Britain’s quest to divide and rule Somalia

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On 7 May 2013 the British government will host another conference in London to discuss the future of Somalia. Undoubtedly the new Somali Federal Republic model, chosen by the UN, will be hailed a ‘success’. The reality is it is fast becoming a sectarian nightmare for the Somali people who are forced to divide into smaller and smaller clan-based enclaves and ‘buffer-zones’, like the latest breakaway Jubaland, where foreign authorities, including Kenya and Ethiopia, seek proxies to control.

Britain holds its former protectorate Somaliland, in northern Somalia, as its big ‘success story’, keeping quiet about the brutal behaviour of President Ahmed Silanyo towards protests following municipal elections in November 2012. Ten people are said to have been murdered after protests spread across the region. On 6 December the Somaliland Police Special Protection Unit, an anti-terror unit trained and funded by the British MOD, is thought to have been involved in four murders in Hargeisa. At least nine other people were injured, some of them seriously, including a ten-year-old girl who was shot in the stomach. The government also attacked protesters in Zeila, Saylac (western Somaliland); videos posted online show government troops deliberately shooting and killing teenagers on a demonstration against the fraudulent election results.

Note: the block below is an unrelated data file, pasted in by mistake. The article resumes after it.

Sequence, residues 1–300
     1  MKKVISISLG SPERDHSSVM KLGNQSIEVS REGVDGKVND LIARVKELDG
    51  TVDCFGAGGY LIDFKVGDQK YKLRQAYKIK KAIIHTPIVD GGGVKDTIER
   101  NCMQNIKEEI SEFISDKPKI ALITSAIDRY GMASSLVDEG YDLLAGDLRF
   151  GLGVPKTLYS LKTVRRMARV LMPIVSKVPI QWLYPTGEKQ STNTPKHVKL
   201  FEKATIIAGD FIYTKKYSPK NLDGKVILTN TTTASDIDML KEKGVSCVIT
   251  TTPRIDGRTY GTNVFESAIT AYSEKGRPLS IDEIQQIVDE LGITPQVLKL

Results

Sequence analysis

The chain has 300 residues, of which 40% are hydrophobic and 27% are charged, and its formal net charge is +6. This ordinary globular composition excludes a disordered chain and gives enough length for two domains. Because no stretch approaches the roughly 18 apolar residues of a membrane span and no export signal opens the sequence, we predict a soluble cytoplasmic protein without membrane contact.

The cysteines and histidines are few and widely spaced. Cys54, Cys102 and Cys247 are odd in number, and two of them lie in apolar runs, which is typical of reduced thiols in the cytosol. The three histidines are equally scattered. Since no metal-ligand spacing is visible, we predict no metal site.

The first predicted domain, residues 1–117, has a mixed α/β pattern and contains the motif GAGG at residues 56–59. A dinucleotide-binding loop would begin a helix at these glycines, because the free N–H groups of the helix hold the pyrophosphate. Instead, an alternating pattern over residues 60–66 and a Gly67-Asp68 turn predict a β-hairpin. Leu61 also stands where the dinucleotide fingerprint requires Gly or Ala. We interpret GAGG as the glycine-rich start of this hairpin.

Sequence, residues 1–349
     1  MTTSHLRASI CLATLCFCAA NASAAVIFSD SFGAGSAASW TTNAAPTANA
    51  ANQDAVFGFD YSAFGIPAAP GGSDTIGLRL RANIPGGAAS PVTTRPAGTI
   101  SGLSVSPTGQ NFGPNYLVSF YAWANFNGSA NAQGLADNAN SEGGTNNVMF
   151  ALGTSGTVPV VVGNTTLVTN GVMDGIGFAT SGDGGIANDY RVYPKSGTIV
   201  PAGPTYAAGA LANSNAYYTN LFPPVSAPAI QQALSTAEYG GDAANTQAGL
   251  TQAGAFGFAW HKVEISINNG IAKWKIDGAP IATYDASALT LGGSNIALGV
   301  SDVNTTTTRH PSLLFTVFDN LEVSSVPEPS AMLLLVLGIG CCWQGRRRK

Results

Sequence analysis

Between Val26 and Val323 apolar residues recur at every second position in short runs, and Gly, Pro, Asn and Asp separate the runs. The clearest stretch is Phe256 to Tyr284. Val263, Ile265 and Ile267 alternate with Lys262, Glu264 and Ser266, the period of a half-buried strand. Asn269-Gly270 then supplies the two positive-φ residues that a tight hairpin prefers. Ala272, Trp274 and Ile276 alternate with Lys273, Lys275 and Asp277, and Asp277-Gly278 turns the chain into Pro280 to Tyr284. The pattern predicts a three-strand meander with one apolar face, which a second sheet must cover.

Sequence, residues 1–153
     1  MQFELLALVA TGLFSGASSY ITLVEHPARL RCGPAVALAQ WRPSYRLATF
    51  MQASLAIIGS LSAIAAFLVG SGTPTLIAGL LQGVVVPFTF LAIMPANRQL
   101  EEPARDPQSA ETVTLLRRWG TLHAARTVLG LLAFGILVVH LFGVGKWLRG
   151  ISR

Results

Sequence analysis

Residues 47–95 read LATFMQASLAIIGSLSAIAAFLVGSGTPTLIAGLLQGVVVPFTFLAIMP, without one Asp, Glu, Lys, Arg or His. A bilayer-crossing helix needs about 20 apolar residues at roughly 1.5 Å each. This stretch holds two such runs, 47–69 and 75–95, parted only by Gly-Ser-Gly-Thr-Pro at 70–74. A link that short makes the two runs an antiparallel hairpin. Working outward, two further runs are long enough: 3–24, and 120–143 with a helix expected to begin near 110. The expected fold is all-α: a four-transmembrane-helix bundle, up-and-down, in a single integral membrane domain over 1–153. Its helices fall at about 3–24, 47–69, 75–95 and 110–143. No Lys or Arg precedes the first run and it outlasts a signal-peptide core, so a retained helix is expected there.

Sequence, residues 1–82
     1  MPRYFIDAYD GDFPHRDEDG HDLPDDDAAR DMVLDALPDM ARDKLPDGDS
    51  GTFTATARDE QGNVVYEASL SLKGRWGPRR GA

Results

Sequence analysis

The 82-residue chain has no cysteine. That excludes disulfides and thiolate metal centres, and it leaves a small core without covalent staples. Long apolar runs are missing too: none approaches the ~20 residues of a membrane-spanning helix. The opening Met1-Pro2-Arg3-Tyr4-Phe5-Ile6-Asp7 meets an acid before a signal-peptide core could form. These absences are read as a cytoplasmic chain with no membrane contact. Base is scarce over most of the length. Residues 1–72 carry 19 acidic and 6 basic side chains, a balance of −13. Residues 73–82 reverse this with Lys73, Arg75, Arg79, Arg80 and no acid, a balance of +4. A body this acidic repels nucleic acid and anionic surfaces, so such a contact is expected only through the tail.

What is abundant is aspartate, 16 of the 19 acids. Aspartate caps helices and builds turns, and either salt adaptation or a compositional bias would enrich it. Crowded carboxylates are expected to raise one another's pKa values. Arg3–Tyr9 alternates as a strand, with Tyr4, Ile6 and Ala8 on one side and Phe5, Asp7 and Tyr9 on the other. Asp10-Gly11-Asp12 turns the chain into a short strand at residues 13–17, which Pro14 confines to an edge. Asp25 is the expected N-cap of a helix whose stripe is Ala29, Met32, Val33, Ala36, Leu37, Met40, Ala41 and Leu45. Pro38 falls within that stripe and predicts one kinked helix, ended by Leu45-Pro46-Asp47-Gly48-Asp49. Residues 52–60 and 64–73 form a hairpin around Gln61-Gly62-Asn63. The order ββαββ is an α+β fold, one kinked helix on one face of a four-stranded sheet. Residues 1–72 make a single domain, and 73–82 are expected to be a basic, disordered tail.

On 10 January Somali President Hassan Mohamud met high-ranking World Bank officials, telling them: ‘Somalia needs to reinstate operations with the World Bank family...We believe the World Bank can play an important role in the reconstruction of Somalia.’ It was the World Bank and IMF that destroyed Somalia’s economy in the 1980s, leading up to the crumbling of the state and civil war.

A week later, on 17 January, the US ‘recognised’ Somalia, after Mohamud met Hillary Clinton and promised that ‘Somalia will remain grateful to the unwavering support from the United States government in the last 22 years…and I say in front of you today, thank you, America.’ He did not question the many Somalis killed by US drones or demand the removal of US-backed AMISOM troops and military bases from the country.

The British government has funnelled £2.2m into the UN Office on Drugs and Crime’s counter-piracy programme, to run prisons in Puntland and reinforce its police and maritime forces which will defend British interests in the region. On 6 January the first private British navy for the last 200 years was set up off Somali waters to defend private British interests and rake in massive shipping insurance contracts with Lloyds of London. The chairman of mining giant Glencore Simon Murray backs the company behind the venture, Typhon. The firm’s personnel include ex-Royal Marines, Legionnaires, NATO commanders, and a former chief of HSBC’s marine and insurance business. Typhon owner Anthony Sharp told the Daily Telegraph, ‘I had the idea for Typhon playing polo one afternoon, thinking about what my next business might be’. Britain is responsible for naval operations and judicial programmes for the Contact Group on Piracy off the Coast of Somalia.

Anthony Rupert

Fight Racism! Fight Imperialism! 231 February-March 2013